Thursday, October 15, 2009

Bailout? Bail Out The American People

"In light of the auto bailout, the bank bailout, the stimulus package,
the public option fight is a surrogate for how much government is
too much."
(New York Times, October 15, 2009)

Kenneth M. Duberstein
Chief of Staff/Reagan White House

If "the public option fight is a surrogate for how much government is too much," then for sure the fact that our country is literally falling apart must be a surrogate for how much government is too little.

The outcome of health care reform is still an unknown. Every special interest but one - the American people - has been able to put a big wet dog in this hunt. Michael Moore's shambling theatrics and bumbling delivery aside "Capitalism, A Love Story" nails the lobbyists' takeover of the Congress. Like you I have spent this last year watching the bailout at work, i.e., the privatization of corporate profit and the socialization of individual loss.

This film exacerbated my peasants-should-storm-the-castles feelings which is ridiculous for anyone my age. I should know better. But I don't. The professional world I inhabit is, and has long been, a mutually interdependent amalgam of private-public money. Private philanthropy - no matter how robust - cannot make up for the absence of government support, my rant for years. There is no better proof than the havoc the Great Recession has wrought upon US charities, especially human services, and reflected in the down-drift of contributions last year. (Giving USA 2009). I am slightly to moderately optimistic for 2010 if the market holds up. (Viz. Oct. 13th post).

Private industry - except when fertilized to the root by taxpayer money - will not deal with our tottering infrastructure, lagging public education, underfunded scientific research, support for the color green in all its manifestations, essential social services and yes, that past-its-sell-by-date piece of mackerel marked "health care reform." The American people are losing out. In just about any category of accomplishment in which we were once first we are now the trailing edge - except for advances in throwing out immigrants and making airport security even wackier than the Mad Hatter.

It is hardly a wonder that government and legislators, at every level, are despised by most of the American people; nor is it a surprise that almost 60% of the voting eligible would rather sleep in on election day or water the plants.

Time is running down for President Obama on health care. He never had the right. The left is mad but the left doesn't matter. The center? So far it all comes down to a Senate Republican from Maine. That's scary.

It makes me want to reach for my bucket. But not for bailing.

Wednesday, October 14, 2009

Is It A Turnaround Or Are We Just Running In Circles?

At this moment the Dow is up another 96 points (Wed. Oct. 14th, 11a EDT). The spectacular run-up in the stock market since the March low may or may not be a chimera. The high unemployment rate shows that all is not well in the economy and it is established fact that Wall Street is not really connected to the rest of the country. So what for next year? Six months or a year from now I'll look back at this post and see how well I did.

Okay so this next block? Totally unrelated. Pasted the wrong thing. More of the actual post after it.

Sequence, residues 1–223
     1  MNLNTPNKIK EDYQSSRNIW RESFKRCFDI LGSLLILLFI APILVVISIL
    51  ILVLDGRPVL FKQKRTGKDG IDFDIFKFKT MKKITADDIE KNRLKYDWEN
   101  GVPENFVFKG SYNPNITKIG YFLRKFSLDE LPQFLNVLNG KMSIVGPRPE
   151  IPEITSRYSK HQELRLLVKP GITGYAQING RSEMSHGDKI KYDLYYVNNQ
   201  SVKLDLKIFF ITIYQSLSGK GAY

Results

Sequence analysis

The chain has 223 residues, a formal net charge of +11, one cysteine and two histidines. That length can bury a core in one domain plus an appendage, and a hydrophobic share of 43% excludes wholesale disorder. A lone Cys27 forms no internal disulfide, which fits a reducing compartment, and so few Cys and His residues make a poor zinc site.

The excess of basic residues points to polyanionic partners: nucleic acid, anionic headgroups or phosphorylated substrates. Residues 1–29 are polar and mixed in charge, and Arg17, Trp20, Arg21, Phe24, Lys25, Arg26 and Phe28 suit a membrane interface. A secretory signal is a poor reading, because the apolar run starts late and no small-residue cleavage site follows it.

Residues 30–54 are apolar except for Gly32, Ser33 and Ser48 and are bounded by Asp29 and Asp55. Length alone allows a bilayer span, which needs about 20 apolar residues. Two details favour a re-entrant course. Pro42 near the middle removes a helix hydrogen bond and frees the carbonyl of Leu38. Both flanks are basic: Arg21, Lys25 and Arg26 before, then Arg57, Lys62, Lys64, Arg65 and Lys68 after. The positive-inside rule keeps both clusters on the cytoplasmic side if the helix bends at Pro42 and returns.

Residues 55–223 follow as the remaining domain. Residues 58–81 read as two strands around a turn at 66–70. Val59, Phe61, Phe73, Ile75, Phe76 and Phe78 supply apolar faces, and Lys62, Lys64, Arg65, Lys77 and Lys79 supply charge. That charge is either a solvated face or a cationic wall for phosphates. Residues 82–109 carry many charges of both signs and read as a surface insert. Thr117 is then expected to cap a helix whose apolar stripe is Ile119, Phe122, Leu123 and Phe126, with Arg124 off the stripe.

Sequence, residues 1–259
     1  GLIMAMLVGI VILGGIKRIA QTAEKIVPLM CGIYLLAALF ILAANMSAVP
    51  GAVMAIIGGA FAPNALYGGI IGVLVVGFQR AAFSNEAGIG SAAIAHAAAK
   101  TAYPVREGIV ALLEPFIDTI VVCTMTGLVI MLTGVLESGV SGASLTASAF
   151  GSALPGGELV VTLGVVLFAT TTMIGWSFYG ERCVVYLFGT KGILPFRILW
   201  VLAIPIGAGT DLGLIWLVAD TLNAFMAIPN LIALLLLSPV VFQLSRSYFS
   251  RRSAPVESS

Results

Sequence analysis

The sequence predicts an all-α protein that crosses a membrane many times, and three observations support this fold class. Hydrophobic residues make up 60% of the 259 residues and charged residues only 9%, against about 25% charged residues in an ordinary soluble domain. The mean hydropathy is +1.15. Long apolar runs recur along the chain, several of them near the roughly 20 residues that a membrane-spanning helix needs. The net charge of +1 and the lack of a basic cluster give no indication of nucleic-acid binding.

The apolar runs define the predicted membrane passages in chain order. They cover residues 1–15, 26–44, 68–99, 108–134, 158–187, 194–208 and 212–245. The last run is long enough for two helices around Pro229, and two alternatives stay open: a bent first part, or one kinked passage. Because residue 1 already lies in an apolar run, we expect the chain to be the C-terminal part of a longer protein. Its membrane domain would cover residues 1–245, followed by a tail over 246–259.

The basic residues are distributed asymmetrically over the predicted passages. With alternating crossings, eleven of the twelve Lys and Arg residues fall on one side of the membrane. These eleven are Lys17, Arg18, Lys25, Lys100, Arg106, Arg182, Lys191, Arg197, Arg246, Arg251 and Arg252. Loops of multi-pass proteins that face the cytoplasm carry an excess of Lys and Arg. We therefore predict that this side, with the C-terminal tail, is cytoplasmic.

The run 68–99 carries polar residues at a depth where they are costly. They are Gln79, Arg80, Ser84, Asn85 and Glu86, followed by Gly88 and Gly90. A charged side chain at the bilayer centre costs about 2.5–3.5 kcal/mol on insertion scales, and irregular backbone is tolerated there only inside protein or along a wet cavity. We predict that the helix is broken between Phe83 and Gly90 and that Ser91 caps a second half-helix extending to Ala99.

The huge grant-making foundations and university endowments lost money but are now making back much of that loss. They may not get back to their all-time highs anytime soon, or maybe never. But the question is if the market surge continues will grant-making and endowment income improve in 2010? If you are a nonprofit board member you should be asking your managements if they are budgeting for an improvement in the foundation line in 2010. Those on June 30 and September 30 fiscal years are already into the 2010 fiscal year and their boards (presumably) have approved budgets. Of course they can be amended - but should they? There are no signals coming from the foundation world to guide us that I have seen. They seem hunkered down, quietly amassing gains.

So here I go (again): if you are already a grantee I would ask/hope for a modest increase in funding - say 5-10%. If you're a new supplicant I think you'll find that most foundations have not opened the window. I doubt they will much before the late mid-last quarter of 2010.

Old line corporate philanthropy will not see much of a boost in 2010 but the trend to cause-related marketing will, I think, continue to widen and deepen with more and more charities trying to get in. One CRM firm I work with is running ahead even this year. By the way if you are familiar with the statistics Giving USA publishes annually keep in mind that they don't report on CRM because they haven't quite figured out how to get the data: what's charity (which is what GUSA measures); what's marketing?

That leaves individuals and family foundations. I think that as 2010 wears on we will see a very health boost in individual giving and we all know that - dead and alive - individual giving is about 80% of all giving as measured by GUSA.

In "Back To School," my September 9th post I advocated caution. I still do but a month later I have loosened the belt one notch.

I have been telling clients and professional colleagues all this year to plan for the turnaround. Is the turnaround here or are we just going in circles?